Despite recent concerns that the COVID-19 pandemic and increased marketing rights for athletes could usher in a new era of austerity, the athletics departments of major universities are spending more than ever before. I’m here.
Schools across the country recently completed annual income and expense reports for the 2021-22 school year. This is the first full college season under his new NIL rules and the first season with minimal game postponements or cancellations since the outbreak of the pandemic. in the coming weeks, Sportico continue to collect these reports from public schools and enter them into the Intercollegiate Finance Database.
An analysis of 63 public FBS schools found that budgets increased with inflation, and in some cases exceeded inflation. Topline athletics spending for this cohort increased by 7.3% in 2021-22 compared to 2018-19, and average program spending increased from $86.4 million in 2018-19. increased to $92.7 million in 2021-22.Revenue generated—this is Sportico Excluding items such as tuition and transfer fees from institutions, it increased at a similar rate from $74.2 million in the last pre-corona season to $80.6 million in 2021-22 (an 8.5% jump). .
This overall trend is also reflected in the NCAA’s latest financial disclosures. Last week, the governing body released its 2022 report, and its business is largely back to pre-pandemic normal. Revenue from television contracts is at record levels, as is revenue from hosting championship tournaments and his NITs. The NCAA would have posted record gross revenue in 2022 were it not for his $72 million net loss on that investment.
Overall, the findings defied the apocalyptic noise that came out of the sports sector two years ago. raised An existential threat to their program, they predicted that the economic model of intercollegiate athletics was “forever changed.” NCAA officials used similar language in their organization’s fight to prevent athletes from profiting from their name, image, and likeness (NIL).
Early data indicate that these fears, real or imaginary, may have been unfounded. Below are the latest sports sector data details.
After a massive drop in 2020-21, sports budgets have rebounded last year. The 7.3% increase in average spending from 2018-19 to 2021-22 roughly equates to CPI inflation of 8.3% for the period spanning the beginning of these fiscal years, as measured by the Bureau of Labor Statistics.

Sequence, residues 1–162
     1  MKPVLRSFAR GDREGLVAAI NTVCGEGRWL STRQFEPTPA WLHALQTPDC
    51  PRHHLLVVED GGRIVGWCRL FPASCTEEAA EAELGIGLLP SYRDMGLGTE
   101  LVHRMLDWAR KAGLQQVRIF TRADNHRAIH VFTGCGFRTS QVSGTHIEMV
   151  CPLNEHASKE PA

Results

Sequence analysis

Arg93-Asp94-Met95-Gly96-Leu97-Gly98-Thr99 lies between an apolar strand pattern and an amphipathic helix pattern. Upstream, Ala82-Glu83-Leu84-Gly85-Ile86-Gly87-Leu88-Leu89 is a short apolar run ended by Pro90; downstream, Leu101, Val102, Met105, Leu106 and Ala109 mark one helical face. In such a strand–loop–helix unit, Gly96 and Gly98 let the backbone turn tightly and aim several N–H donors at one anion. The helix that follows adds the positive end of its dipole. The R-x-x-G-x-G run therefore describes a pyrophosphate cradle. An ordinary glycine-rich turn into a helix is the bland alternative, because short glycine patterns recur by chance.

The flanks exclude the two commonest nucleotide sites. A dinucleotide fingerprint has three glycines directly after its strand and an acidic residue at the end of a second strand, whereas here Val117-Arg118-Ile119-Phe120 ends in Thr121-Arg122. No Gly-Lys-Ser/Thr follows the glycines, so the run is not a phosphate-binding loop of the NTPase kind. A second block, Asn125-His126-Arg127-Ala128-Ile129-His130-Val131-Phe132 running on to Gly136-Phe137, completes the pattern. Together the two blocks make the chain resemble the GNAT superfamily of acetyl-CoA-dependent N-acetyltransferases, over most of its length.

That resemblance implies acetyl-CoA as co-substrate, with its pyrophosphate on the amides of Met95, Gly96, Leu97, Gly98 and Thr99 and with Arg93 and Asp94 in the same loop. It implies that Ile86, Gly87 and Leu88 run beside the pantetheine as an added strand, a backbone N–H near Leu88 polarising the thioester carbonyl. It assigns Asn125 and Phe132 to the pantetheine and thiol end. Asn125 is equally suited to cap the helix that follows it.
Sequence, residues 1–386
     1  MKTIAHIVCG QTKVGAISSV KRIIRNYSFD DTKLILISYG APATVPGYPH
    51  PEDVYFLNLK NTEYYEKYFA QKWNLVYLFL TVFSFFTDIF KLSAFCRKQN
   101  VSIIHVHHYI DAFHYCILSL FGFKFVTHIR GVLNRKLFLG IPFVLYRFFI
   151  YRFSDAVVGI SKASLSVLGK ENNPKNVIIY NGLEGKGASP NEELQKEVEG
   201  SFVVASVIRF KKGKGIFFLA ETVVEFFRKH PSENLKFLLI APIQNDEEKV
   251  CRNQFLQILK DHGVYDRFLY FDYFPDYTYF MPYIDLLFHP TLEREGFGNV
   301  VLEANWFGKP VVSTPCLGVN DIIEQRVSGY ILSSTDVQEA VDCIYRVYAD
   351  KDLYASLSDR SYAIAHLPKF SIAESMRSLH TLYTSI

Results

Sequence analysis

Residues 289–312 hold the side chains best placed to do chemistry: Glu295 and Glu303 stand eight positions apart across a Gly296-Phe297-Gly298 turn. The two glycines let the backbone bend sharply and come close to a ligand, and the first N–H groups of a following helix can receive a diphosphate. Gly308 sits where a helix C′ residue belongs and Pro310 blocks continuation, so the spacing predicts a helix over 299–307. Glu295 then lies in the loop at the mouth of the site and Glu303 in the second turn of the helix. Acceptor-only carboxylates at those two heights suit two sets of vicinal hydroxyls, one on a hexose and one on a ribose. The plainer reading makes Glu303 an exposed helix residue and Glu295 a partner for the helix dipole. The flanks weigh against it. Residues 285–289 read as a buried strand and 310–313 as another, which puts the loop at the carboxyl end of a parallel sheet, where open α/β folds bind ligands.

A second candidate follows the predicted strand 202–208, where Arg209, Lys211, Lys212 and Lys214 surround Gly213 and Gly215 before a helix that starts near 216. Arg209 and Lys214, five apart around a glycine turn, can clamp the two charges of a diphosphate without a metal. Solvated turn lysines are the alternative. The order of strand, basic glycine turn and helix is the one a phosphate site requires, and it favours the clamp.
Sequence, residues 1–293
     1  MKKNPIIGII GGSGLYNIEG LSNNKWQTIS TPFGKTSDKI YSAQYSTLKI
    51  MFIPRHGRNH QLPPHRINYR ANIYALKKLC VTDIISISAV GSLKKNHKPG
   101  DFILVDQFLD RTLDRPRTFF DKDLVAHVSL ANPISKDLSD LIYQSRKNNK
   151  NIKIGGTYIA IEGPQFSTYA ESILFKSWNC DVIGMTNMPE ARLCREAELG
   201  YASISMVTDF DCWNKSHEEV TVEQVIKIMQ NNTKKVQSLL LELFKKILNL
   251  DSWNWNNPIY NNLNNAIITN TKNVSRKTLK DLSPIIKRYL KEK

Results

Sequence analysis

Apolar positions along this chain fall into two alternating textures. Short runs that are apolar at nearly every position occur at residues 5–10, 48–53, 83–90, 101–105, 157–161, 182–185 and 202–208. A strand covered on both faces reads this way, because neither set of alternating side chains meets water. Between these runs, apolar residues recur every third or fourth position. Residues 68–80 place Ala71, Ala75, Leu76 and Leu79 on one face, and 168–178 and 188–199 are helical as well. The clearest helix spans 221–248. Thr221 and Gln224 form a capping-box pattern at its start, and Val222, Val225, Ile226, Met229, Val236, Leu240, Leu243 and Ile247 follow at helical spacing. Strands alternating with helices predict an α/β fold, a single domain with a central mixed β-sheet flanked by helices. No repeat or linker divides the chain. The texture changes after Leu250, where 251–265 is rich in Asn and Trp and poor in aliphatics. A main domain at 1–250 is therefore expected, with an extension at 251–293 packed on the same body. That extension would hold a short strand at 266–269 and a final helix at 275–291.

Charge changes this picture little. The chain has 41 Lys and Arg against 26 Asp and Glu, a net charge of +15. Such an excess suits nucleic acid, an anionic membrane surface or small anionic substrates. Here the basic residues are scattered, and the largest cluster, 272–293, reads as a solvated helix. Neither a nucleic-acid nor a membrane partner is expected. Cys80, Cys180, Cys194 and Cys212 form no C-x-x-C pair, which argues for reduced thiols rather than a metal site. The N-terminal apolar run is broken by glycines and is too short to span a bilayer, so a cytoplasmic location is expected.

However, some specific categories of spending did not fully recover after the pandemic cuts. The 16% reduction remains in 2021-22 compared to the previous year.
Coaches did not bear the brunt of cost cuts in the sports sector during the pandemic, and they also received salary increases in the first full year when earnings were unaffected by COVID-19.
Total compensation for football coaches has increased by 18.2% since pre-pandemic, far outpacing the growth rate for non-soccer coaches, whose salaries increased by 12.6%. Additionally, the football coach’s compensation and bonuses from his games, especially bowls, increased him 37% on average over any other reported expense category.
Coaches were getting paid more than ever in the 2021-22 season, but non-coaches were getting paid more, too.Retirement benefits increased by 31.6% at he 63 colleges Sportico It is the second most common of all cost categories analyzed. Most of this increase was concentrated in a few schools. For example, the University of Connecticut paid former men’s basketball head his coach Kevin Ory his more than $11 million in 2022. The university lost the case in arbitration after trying to fire Olly for “good cause.”
At the height of the pandemic, video calls replaced many in-depth campus visits that might have occurred in a normal year. As a result, hiring costs plummeted in his 2020-21, but recovered the following year. Overall, recruitment costs increased by 5.7% from 2018-19 to 2021-22.
But the numbers don’t tell the whole story. Football recruiting costs jumped 17.5% in 2021-22, compared with three years ago, but non-football recruiting costs actually declined. The trend was more pronounced at Power Five schools, where football recruitment costs are more than 20% above pre-pandemic levels.
Due to revenue shortfalls due to the COVID-19 pandemic, some schools and their athletic departments have sought quick capital through loans. However, debt over the last 36 months has increased much faster on the academic side. In these 63 schools, institutional debt increased by 13.5%, while athletics-specific debt increased by only 3.1%.
Emily Caron contributed to this story.